Flooding from tropical storm Harvey caused ongoing large-scale U.S. refinery outages on Tuesday, while crude prices rose on the back of supply disruptions in Colombia and Libya.
Refinery shutdowns from the storm helped push U.S. gasoline prices to $1.7799 per gallon on Monday, the most since 2015, although they receded slightly to $1.7342 per gallon by 0648 GMT on Tuesday.
U.S. West Texas Intermediate (WTI) crude rose 30 cents, or 0.6 percent, to $46.87 a barrel, after falling more than 2 percent in the previous session.
International Brent crude
futures were up 29 cents, or 0.6 percent, at $52.18 per barrel.
Massive floods caused by Harvey forced several U.S. Gulf coast refineries to close, and while some refineries were starting to prepare for re-starts, heavy rains are expected to last through Wednesday after already causing catastrophic flooding in Houston.
Harvey, which has been downgraded to a tropical storm from a hurricane, has affected oil refiners more than crude producers.
“Around 2-3 million bpd of refining capacity is offline or in the process of shutting down… (and) more than 500,000 bpd of oil production… is offline,” Barclays (LON:BARC) bank said.
It added that the storm’s impact would “linger for several more weeks.”
Greg McKenna, chief market strategist at futures brokerage AxiTrader said the refinery outages would “see crude inventories build up.”
The United States has 141 oil refineries as of Jan. 1, with a total capacity of 18.6 million bpd, according to the Energy Information Administration. Texas is home to 30 of those with a capacity of 5.7 million bpd.
The expected U.S. crude build-up on Tuesday widened the WTI discount to Brent to $5.64 per barrel, its widest in over two years.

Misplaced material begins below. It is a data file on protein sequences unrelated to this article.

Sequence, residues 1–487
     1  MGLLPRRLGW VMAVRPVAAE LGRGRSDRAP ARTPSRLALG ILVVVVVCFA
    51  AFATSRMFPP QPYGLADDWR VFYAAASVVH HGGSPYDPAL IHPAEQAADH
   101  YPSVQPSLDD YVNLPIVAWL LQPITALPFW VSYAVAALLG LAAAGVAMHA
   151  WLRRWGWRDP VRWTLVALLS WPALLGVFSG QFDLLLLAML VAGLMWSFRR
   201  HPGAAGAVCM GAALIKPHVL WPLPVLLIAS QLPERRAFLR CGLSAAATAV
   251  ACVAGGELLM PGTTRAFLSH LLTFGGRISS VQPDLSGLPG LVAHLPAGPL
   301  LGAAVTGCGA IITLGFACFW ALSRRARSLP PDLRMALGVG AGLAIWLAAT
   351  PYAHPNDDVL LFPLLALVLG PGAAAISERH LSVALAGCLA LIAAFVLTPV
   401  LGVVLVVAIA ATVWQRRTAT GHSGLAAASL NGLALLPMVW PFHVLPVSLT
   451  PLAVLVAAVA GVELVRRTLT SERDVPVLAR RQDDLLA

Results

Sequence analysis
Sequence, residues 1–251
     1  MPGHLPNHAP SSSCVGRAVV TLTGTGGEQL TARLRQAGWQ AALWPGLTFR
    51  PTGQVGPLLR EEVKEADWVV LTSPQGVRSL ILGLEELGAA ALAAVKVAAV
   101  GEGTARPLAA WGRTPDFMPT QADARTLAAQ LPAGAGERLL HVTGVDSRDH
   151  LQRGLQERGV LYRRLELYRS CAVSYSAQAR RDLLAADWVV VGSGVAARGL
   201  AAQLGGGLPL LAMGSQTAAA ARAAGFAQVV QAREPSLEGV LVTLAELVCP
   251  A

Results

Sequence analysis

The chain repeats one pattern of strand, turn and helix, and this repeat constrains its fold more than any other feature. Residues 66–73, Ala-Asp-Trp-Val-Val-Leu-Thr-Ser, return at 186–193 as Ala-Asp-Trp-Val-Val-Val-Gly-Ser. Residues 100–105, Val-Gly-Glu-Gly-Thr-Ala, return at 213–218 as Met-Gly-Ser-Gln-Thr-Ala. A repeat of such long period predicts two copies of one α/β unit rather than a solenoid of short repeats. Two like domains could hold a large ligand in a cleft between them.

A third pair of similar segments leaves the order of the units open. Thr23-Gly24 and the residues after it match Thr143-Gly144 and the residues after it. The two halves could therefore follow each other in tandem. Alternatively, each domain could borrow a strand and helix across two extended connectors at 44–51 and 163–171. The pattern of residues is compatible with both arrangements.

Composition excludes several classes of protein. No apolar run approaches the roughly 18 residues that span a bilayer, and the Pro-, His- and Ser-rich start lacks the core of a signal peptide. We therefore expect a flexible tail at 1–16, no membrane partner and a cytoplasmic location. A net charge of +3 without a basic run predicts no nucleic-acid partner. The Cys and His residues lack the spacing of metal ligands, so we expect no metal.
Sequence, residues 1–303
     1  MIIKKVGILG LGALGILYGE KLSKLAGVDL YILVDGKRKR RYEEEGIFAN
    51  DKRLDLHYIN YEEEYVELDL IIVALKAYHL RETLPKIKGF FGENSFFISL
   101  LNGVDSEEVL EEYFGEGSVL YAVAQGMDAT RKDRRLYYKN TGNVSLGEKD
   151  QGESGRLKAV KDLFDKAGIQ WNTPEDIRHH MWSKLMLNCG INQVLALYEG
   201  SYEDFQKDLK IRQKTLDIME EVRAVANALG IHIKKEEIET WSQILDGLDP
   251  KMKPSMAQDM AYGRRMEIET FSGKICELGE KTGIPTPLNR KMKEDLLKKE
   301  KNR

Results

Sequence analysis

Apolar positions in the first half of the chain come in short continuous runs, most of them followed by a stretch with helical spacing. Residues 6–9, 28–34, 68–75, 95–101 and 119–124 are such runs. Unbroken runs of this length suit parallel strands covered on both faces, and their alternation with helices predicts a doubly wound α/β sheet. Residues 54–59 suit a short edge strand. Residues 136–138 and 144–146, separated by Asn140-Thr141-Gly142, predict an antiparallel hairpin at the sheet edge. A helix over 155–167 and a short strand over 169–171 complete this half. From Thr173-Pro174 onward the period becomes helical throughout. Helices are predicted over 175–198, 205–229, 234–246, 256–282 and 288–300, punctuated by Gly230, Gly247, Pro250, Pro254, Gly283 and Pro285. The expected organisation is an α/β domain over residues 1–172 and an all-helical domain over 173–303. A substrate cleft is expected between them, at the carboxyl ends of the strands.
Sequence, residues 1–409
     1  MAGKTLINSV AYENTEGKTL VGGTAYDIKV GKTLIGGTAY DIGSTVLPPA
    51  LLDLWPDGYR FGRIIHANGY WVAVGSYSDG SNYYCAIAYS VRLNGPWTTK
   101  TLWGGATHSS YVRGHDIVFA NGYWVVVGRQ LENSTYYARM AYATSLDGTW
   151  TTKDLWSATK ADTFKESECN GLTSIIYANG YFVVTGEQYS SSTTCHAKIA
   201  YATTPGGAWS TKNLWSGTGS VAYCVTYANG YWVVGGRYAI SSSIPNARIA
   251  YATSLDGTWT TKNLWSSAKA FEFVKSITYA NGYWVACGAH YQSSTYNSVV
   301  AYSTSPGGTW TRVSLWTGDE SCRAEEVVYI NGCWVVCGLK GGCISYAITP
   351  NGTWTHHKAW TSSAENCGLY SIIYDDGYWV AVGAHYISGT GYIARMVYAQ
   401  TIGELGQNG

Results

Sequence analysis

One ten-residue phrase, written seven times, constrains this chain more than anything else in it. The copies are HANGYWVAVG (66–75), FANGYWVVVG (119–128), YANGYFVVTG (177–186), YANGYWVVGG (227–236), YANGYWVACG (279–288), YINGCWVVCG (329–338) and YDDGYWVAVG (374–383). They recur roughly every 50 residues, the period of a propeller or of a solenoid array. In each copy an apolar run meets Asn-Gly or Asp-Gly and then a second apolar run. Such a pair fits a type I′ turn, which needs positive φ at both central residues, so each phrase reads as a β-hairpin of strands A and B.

“Rising U.S. production, domestic refinery blending constraints, and the end of (the) driving season combined to depress WTI,” ING bank said.
Crude markets were also looking at disruptions in Libya and Colombia.
In Libya, the 120,000 bpd Zawiya oil refinery was working at only half its capacity due to the shutdown at the Sharara oilfield, according to a refinery source.
Sharara, which at 280,000 bpd is the OPEC member’s largest oilfield, has been shut for around a week because of militia blocking a pipeline linking it to the Zawiya oil terminal.
In Colombia, a bomb attack by leftist ELN rebel group has halted pumping operations along the country’s second-largest oil pipeline, the 210,000 bpd Cano-Limon Covenas, sources from the military and state oil company Ecopetrol said.
Despite these disruptions, crude remains in ample supply, resulting in low prices.
“We are thus lowering our Brent oil price estimates to $55 per barrel from $60 per barrel in 4Q17 (and) to $57 per barrel from $64 per barrel in 2018,” Jefferies bank said.
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